Empirical Methods for International Trade
A wide range of empirical studies is applied to various countries in this important collection. Bringing together the most recent work in econometrics applied to international trade, main sections of the book cover: cross-country analysis, which can be used to test assumptions or implications of trade models; industry studies, which are receiving renewed interest in recent literature on market structure and trade; and dual methods, which extend the estimation of production and cost functions to incorporate trade flows.Following the editor's introduction, relating the theory of international trade to empirical applications, are contributions by Richard A. Brecher and Ehsan U. Choudhri, The Factor Content of Consumption in Canada and the United States: A Two-Country Test of the Heckscher-Ohlin-Vanek Model. David Dollar, Edward N. Wolff, and William J. Baumol, The Factor-Price Equalization Model and Industry Labor Productivity: An Empirical Test Across Countries. Edward E. Learner, Cross Section Estimation of the Effects of Trade Barriers. Linda C. Hunter and James R. Markusen, Per-Capita Income as Determinant of Trade. Robert C. Feenstra, Gains from Trade in Differentiated Products: Japanese Compact Trucks. Avinash Dixit, Optimal Trade and Industrial Policies for the U.S. Autombile Industry. Richard E. Baldwin and Paul R. Krugman, Market Access and International Competition: A Simulation Study of 16K Random Access Memories. W. Erwin Diewert and Catherine J. Morrison, Export Supply and Import Demand Functions: A Production Theory Approach. Karyiu Wong, International Factor Mobility and the Volume of Trade: An Empirical Study. Bee Yan Aw and Mark J. Roberts, Price and Quality Level Comparison for U.S. Footware Imports: An Application of Multilateral Index Numbers. Alexandra Cas, W. Erwin Diewert, and Lawrence A. Ostensoe, Productivity Growth and Changes in the Terms of Trade in Canada.Robert C. Feenstra is an associate professor in the Department of Economics at the University of California, Davis.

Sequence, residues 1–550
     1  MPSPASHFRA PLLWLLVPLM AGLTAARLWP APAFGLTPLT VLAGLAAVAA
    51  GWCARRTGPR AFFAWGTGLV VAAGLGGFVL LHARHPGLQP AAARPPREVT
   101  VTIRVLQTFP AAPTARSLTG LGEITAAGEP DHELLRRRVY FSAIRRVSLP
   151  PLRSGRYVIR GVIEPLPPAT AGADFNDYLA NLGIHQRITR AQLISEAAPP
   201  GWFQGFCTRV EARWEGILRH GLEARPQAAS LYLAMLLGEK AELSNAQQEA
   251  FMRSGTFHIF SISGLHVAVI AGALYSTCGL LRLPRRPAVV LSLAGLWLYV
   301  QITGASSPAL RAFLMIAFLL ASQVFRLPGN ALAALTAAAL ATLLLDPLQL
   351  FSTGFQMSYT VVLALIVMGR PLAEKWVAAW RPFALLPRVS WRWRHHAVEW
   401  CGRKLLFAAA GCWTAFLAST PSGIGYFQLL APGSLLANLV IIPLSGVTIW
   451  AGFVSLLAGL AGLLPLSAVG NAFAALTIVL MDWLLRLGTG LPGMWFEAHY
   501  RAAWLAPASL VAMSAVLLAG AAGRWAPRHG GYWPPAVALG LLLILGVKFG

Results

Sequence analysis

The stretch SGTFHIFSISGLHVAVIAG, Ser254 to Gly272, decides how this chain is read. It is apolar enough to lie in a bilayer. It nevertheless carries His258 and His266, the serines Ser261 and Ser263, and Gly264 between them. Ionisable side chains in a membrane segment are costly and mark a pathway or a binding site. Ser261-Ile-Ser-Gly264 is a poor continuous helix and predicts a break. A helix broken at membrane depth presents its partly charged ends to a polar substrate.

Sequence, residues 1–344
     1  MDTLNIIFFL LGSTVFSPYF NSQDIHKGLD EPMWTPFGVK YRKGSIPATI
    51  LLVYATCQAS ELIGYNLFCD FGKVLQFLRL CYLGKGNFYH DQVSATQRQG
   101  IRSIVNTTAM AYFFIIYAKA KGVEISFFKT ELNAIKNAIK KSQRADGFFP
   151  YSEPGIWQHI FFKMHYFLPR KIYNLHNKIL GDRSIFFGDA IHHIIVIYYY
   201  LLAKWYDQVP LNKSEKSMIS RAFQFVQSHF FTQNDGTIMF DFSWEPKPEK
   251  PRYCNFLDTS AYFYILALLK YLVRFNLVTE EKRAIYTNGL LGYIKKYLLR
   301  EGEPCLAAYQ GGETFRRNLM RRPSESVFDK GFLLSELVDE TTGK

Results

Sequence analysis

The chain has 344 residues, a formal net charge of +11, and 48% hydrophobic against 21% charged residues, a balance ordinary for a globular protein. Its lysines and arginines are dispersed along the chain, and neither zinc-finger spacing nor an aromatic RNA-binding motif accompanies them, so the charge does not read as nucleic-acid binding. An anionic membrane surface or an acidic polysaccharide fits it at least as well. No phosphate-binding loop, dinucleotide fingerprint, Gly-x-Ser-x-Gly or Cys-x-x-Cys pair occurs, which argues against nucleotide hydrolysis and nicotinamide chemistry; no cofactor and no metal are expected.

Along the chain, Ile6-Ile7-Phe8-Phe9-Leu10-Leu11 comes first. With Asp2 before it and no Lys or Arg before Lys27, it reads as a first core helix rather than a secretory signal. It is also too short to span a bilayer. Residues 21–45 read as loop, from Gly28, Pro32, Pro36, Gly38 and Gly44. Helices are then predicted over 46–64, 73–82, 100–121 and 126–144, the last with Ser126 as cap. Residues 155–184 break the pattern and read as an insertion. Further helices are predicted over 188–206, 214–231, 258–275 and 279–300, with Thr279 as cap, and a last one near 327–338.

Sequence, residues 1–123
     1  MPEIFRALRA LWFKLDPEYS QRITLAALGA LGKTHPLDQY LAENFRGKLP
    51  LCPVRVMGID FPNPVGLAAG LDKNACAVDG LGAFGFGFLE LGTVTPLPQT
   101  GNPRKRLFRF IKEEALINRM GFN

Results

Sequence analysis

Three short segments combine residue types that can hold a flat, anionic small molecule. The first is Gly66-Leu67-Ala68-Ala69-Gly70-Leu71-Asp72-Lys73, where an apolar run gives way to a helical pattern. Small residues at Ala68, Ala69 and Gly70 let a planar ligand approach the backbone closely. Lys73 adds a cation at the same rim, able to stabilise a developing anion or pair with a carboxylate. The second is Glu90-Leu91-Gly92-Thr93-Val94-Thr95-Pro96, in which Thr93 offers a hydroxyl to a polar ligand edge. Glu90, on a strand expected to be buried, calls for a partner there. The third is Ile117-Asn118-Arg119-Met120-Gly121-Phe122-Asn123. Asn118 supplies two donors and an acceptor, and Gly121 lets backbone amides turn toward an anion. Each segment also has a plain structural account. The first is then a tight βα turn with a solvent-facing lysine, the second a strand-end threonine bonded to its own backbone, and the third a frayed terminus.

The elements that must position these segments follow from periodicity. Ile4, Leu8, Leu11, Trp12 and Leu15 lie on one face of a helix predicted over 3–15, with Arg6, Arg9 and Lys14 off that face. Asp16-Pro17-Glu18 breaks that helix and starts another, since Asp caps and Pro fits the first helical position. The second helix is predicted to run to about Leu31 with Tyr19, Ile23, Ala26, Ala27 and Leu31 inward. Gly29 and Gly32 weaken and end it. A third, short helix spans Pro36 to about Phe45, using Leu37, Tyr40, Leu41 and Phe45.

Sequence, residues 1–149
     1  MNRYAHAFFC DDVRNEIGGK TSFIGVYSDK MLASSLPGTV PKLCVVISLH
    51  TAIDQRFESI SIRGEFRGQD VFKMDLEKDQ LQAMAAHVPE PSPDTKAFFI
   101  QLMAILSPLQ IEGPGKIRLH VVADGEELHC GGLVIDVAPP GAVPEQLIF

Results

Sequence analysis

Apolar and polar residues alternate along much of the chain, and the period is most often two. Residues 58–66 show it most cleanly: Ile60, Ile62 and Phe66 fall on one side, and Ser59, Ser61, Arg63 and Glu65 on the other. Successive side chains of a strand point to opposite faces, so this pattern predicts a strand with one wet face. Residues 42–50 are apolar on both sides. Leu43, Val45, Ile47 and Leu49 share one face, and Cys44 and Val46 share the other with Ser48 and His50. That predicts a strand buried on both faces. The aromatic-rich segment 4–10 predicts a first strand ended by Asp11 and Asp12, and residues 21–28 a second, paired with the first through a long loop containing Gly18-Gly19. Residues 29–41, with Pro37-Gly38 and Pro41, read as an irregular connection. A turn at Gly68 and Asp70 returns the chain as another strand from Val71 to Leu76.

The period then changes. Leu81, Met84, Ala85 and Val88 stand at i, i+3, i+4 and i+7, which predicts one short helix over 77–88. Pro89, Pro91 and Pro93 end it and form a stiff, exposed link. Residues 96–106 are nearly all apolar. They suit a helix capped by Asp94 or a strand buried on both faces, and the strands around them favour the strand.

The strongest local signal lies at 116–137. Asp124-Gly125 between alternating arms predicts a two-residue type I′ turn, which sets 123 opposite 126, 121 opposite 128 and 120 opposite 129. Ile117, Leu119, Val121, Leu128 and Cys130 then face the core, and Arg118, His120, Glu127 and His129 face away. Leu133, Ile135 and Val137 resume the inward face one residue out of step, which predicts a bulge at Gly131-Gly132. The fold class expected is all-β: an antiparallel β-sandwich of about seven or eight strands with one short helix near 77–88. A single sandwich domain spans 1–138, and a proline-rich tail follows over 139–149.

About the Editor
Robert C. Feenstra is Professor of Economics and C. Bryan Cameron Distinguished Chair in International Economics at the University of California, Davis. He directs the International Trade and Investment Program at the NBER and is the author of Advanced International Trade: Theory and Evidence and Offshoring in the Global Economy: Microeconomic Structure and Macroeconomic Implications (MIT Press, 2010).